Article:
The vast majority of buildings in central Athens, near Omonia square, require improvements and are harming the areas prospects, according to a study put together by the University of Thessaly.
The data on the poor condition of these buildings comes as the municipality of Athens pushes ahead with initiatives aimed drawing residents and shoppers back to the city center after years of street demonstrations against Greece's austerity measures turned locals off the area.
The study found that 85% of the 1,650 buildings it surveyed were in need of work and that more than half of them had been built before 1970. Additionally, 55% of them had ten owners, or more, creating problems in their management and maintenance.
Due to these reasons, pouring money into upgrading a building in this part of the capital has a high business risk, the study said.
"A vicious cycle has been created," said Nicholas Triantafyllopoulos, an assistant professor from the University of Thessaly. "The more the buildings need repairs, the more the urban environment deteriorates. At the same time, the deterioration of the environment leads to more owners abandoning the property."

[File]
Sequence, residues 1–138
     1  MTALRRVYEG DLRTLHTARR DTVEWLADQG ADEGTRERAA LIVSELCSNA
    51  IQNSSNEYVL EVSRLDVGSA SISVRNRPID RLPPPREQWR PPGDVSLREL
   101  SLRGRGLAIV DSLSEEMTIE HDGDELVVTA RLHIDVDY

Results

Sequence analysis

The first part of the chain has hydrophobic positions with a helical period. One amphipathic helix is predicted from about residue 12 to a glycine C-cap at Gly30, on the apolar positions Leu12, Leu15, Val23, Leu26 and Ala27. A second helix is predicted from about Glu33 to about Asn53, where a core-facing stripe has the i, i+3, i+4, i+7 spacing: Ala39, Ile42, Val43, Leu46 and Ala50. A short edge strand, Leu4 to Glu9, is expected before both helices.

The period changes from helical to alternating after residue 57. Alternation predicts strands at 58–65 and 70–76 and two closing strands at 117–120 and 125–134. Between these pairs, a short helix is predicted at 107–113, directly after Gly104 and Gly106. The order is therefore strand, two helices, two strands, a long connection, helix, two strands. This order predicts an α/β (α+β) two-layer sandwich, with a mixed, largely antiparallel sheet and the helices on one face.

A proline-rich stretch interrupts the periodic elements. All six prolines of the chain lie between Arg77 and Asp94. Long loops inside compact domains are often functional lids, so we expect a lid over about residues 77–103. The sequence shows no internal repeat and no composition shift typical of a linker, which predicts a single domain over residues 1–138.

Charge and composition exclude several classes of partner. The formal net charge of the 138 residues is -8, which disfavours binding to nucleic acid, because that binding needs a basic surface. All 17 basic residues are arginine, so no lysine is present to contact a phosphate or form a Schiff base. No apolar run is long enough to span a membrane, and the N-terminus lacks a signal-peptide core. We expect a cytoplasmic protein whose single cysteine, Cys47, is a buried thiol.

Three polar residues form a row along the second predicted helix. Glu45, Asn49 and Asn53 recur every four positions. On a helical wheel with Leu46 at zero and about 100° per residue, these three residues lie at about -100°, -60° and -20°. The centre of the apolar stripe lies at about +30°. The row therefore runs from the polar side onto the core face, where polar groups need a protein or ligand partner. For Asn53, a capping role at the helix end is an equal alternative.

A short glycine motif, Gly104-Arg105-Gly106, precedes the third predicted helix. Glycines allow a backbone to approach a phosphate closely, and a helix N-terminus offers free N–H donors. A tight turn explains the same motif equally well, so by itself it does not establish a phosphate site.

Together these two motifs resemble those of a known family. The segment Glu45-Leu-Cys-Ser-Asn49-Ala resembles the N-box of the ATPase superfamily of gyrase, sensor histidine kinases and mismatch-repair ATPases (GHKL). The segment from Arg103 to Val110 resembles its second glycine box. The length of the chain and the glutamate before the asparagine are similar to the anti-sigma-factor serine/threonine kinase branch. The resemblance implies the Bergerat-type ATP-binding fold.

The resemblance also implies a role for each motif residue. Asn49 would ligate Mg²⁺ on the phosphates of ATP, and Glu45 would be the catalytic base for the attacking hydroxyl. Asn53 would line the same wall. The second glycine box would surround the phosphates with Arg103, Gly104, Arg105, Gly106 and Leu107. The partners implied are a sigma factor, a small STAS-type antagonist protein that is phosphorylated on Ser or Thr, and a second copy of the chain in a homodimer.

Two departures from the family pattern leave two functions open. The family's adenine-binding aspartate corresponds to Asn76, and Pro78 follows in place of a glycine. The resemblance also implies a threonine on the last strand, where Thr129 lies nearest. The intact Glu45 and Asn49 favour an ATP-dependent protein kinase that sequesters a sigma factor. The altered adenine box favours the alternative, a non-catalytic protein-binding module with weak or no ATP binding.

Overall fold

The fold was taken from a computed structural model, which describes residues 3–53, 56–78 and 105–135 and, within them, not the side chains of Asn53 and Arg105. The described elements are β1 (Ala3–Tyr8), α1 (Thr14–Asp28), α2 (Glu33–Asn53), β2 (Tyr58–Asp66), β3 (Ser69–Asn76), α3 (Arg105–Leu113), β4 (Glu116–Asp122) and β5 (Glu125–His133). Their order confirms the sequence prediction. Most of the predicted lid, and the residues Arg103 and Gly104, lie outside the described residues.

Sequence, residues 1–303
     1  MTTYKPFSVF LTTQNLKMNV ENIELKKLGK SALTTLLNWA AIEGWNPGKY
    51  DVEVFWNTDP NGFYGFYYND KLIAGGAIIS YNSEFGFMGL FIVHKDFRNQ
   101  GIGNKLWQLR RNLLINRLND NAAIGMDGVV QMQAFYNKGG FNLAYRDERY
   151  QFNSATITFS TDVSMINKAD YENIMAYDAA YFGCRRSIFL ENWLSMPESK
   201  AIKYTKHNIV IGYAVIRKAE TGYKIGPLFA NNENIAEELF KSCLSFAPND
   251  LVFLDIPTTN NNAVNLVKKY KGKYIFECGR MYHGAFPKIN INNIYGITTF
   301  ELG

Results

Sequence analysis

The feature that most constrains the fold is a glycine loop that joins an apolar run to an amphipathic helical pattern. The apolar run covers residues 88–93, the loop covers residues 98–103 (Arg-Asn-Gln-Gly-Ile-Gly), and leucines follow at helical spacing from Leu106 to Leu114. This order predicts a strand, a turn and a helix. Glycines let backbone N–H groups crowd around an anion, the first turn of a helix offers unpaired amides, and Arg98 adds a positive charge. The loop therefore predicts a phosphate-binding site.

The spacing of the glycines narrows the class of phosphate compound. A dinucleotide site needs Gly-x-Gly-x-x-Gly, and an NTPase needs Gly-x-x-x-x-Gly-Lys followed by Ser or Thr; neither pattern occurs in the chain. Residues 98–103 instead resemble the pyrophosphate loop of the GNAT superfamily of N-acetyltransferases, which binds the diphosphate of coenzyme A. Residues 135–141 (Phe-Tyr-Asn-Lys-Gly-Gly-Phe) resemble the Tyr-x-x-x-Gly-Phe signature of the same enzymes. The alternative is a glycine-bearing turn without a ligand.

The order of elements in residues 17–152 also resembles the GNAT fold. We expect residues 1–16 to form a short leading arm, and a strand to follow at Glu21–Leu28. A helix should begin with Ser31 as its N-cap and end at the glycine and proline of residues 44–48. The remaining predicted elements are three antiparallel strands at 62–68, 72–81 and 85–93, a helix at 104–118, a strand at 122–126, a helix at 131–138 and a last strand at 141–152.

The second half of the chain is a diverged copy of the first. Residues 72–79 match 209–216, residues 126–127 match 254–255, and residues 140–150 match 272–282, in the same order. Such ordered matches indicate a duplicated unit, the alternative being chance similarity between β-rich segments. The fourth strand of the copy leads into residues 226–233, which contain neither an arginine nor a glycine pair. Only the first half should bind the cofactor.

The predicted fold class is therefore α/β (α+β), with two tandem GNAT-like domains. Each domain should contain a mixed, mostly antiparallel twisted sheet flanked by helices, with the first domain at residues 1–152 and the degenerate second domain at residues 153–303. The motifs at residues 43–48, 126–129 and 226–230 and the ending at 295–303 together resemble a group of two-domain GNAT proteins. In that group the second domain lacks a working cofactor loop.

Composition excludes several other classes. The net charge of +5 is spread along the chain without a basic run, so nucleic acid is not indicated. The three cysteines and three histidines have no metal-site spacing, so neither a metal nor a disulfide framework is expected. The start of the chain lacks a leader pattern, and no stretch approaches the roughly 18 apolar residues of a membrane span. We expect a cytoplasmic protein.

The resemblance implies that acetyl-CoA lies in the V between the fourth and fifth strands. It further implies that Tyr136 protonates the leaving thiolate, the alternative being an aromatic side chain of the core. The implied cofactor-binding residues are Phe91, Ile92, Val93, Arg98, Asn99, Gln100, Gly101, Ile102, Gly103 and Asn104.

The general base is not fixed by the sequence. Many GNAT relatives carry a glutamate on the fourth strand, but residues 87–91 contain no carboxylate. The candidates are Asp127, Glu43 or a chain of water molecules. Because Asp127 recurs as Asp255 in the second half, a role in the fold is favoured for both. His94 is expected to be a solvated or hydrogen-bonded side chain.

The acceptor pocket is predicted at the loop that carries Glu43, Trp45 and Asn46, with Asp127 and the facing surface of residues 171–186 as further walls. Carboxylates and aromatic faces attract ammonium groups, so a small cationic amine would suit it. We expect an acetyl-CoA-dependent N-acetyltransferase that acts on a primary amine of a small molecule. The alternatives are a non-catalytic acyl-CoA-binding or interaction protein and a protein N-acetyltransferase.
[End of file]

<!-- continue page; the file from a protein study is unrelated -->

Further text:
Among the solutions recommended by the university is the introduction of more flexible laws that allow for buildings with multiple owners to be more easily renovated. Additionally, the study said that the provision of low interest rate loans to owners could provide them with the incentive to improve their assets.
The Hellenic Property Federation (POMIDA) sees the solution elsewhere: tax breaks. A number of property owners are being forced into completing renovations illegally due to the high taxes and red tape, POMIDA said, adding that this is harming the quality of the work being done on the property.